A+ | A- | Home Page | Sitemap--> | Other Languages | Search:

Speech-Language Pathologist

Speech- Language Pathologists provide diagnostic, intervention and referral services to patients with communication and swallowing disorders within the Speech-Language Pathology Unit, in accordance with the Code of Ethics and Rules of Speech-Language & Audiology Canada (SAC) and the philosophy and objective of the Authority to overcome and prevent difficulties with language, speech, voice, fluency, and swallowing disorders.

The Speech-Language Pathologist works with patients of all ages who have speech, language, voice, fluency and/or swallowing delays or disorders. These disorders may be secondary to loss of hearing, head injury, FAS, FAE, Autism Spectrum Disorder, Cerebral Palsy or Down Syndrome, among other causes. Types of care delivered may include, but are not limited to: designing and teaching patient specific augmentative communication, improving articulation and/or language skills, improving fluency, etc. The focus of the therapy is to maximize and maintain the patient's ability to succeed in academic, professional and social settings as well as to improve the patient's quality of life.

The Speech-Language Pathologist evaluates the patient's needs based on presenting difficulties with communication and/or swallowing. The Speech-Language Pathologist designs and implements a treatment plan that meets the specific needs of the patient, keeping in mind evidence-based information, relevant best practice and clinical expertise. The treatment plan contains, but is not limited to, identifying other necessary resources (both human and material) and educational needs (i.e. augmentative communication), cost effective intervention strategies and discharge planning. The Speech-Language Pathologist may recommend further diagnostic investigation or cross referral to other health care providers (i.e., ENT Specialists, Pediatricians, Social Workers, Audiologists, Occupational Therapists, etc).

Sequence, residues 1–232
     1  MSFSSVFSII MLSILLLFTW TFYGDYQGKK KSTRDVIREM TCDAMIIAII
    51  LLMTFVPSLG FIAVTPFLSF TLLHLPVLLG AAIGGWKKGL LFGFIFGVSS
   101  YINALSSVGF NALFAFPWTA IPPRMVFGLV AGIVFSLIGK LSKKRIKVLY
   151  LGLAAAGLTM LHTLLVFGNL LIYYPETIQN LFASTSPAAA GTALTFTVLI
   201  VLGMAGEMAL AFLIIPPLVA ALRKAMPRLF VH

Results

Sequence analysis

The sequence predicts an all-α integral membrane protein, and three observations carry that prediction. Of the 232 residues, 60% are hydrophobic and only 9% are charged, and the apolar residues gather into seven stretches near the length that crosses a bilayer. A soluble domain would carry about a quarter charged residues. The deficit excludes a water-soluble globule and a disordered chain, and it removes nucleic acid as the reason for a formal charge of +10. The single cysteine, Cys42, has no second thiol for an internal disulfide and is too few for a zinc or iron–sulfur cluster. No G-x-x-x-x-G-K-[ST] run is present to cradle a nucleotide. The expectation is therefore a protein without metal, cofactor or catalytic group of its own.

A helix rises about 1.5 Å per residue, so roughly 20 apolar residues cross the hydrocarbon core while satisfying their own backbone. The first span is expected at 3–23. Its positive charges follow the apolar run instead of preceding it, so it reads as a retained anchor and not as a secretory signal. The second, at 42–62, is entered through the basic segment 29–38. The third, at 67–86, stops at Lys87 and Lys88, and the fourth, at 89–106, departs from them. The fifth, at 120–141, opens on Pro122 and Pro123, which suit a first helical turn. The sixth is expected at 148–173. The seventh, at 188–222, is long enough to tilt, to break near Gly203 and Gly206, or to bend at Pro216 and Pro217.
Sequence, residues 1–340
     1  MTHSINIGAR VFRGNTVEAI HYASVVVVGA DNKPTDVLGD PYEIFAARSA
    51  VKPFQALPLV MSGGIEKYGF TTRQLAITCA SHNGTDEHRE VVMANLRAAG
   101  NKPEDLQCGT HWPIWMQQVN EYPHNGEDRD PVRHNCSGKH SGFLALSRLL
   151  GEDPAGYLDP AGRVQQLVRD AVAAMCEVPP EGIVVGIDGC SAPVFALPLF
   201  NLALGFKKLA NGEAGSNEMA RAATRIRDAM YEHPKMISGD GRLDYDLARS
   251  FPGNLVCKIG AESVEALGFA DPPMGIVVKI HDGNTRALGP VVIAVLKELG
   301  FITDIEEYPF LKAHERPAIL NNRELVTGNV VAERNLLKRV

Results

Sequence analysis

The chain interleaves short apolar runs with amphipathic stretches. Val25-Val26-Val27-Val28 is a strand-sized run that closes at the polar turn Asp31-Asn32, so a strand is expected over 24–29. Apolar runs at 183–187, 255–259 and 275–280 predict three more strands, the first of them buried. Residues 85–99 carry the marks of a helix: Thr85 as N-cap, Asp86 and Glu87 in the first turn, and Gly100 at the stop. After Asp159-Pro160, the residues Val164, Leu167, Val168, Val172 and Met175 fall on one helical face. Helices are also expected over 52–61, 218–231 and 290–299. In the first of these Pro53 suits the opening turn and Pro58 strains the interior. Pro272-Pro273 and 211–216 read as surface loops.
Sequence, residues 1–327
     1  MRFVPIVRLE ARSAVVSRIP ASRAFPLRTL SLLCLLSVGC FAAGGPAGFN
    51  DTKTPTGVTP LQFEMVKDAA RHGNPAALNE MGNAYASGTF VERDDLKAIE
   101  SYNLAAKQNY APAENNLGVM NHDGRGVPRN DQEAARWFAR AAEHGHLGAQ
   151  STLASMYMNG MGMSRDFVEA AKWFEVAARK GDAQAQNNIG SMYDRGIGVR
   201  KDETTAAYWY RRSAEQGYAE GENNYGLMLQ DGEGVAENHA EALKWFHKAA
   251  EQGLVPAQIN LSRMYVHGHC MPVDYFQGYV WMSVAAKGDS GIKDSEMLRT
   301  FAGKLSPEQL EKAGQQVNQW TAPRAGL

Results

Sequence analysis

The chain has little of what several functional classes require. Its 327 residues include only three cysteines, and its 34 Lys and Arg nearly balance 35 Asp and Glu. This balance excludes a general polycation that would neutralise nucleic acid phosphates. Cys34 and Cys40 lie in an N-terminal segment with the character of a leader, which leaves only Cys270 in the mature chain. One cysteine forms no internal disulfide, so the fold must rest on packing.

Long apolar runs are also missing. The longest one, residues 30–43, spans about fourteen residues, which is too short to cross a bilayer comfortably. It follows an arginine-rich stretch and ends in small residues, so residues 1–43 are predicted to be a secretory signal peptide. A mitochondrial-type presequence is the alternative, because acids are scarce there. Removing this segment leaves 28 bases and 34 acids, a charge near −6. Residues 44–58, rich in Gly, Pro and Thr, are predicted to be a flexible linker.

Responsibilities of a Speech-Language Pathologist:

  1. The Speech-Language Pathologist provides direct assessment, diagnosis and treatment to a wide variety of patients (pre-school to geriatric) requiring speech-language pathology services, using a problem solving approach, and in accordance with the standards, guidelines and scope of speech-language pathology to facilitate individualized patient care.
  2. Develops, modifies, coordinates and facilitates education/teaching based on the needs of the patient, families, care givers and other stakeholders.
  3. Arranges travel clinics to provide care to residents of the smaller communities within the NWT and Nunavut (Kitikmeot Region).
  4. Advocates practice environments that have the organizational and resource allocations necessary for safe, competent and ethical care.

Common Duties:

  • Evaluates patients' needs for speech-language pathology services.
  • Assesses communication and swallowing disorders and diagnoses, implements, documents and modifies intervention as necessary to ensure a coordinated holistic approach that best meets the needs of the patient.